No return sufficient to support FNPF members: Qereqeretabua
CLOSE to 75 per cent of Fiji National Provident Fund members do not have enough funds to sustain their livelihoods upon retirement, says Opposition MP Lenora Qereqeretabua.
While speaking on FNPF’s 2017 Annual Report in Parliament on Monday, she said there was no return sufficient to support members who reached the retirement age who opted to withdraw their savings upon reaching 55.
“There is no return sufficient to support them in their retirement and as you have heard, almost nine per cent of pension annually is just not enough to sustain them,” he said.
“This is because as the Report states, 73 per cent of members do not have enough funds to sustain their livelihood after retirement and this is because 73 per cent of members do not earn decent wages, simply not enough of a living wage, let alone earn enough to a mass savings.
“This issue has not been addressed by the FNPF Board or by this Government and the review done by Government when it was a military regime, slashed pensions in gross breach of their contractual obligations.
“And the Decree later enacted without reaching the floor of the Parliament for ratification prevented pensioners from seeking redress from the Courts.
“Then we have a Board that is not tripartite, that is compromising of employers, employees and Government.
“We have a Board appointed by the Government, and Government justifies this on the basis that FNPF is a profitable institution paying dividends and interest to members each year.”
She said this was not acceptable as FNPF funds were workers money. “They have a right to determine its usage and they have been made voiceless.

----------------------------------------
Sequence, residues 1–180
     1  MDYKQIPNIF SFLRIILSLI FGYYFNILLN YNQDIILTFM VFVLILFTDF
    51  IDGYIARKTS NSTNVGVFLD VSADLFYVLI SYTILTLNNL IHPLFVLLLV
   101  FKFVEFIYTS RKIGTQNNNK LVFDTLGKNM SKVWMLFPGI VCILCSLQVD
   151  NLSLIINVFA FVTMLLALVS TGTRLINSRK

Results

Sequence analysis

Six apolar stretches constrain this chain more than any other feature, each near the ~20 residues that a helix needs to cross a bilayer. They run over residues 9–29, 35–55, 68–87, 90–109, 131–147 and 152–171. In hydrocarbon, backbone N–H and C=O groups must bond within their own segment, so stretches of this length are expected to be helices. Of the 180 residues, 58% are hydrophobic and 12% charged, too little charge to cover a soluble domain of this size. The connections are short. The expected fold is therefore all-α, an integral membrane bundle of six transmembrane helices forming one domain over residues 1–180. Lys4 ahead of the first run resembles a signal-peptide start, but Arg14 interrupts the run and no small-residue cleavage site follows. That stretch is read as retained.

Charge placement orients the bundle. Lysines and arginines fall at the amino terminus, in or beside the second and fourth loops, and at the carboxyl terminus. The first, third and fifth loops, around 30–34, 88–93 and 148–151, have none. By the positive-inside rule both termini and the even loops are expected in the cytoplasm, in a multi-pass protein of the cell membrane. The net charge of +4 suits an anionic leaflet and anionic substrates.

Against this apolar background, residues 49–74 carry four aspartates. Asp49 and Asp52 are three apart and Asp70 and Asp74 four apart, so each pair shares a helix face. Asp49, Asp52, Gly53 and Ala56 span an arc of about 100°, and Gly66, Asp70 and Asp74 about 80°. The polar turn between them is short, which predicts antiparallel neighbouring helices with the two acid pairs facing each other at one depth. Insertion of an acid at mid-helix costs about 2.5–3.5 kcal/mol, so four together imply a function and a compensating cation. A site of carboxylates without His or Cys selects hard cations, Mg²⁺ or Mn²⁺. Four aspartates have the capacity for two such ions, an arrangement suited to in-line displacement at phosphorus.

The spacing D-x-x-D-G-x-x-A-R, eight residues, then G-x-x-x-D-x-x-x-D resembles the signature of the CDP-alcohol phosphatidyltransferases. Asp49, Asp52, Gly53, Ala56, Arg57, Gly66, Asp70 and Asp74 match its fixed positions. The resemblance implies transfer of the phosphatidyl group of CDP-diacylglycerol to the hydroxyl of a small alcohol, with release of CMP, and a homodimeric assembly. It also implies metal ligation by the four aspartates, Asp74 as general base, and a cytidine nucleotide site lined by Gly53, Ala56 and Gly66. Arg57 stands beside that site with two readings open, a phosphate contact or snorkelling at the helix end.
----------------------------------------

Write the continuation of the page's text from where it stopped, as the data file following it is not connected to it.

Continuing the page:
“It is time that FNPF relooks at the issue of the meagre savings of over 70 per cent of its members, whose balances will not sustain them in their retirement.
“One way perhaps, of increasing the balance is to reintroduce a Medical Scheme which was derailed following the coup of December 2006.
“The Scheme involved one per cent of the contributions going towards a medical fund of each member to be used for medical treatment in accordance with the FNPF Policy. If the fund for medical treatment is not used, it is then credited to the member’s General Account, increasing his or her balance.
“Now, FNPF has introduced the scheme to attract more membership and therefore more cash by encouraging children as young as 6 years old to join the Fund.
“No doubt, this has been done with good intentions; to encourage and inculcate a culture of savings given the massive amounts of withdrawals by members instead of taking the retirement package option.”
She said the success rate of the Scheme to encourage children to be members should be made known as well.
“We know from reality that the majority of parents find it extremely difficult to save money on the face of the rising of cost of living, the struggle to make ends meet as our consumption-driven economy continues grinding to a slow but sure decline.
“So this policy is likely to benefit children of the upper class or rich who really do not need FNPF to save for their children anyway unless statistics are provided as to how many children of our ordinary citizens have become members, questions will continue to remain about this scheme.”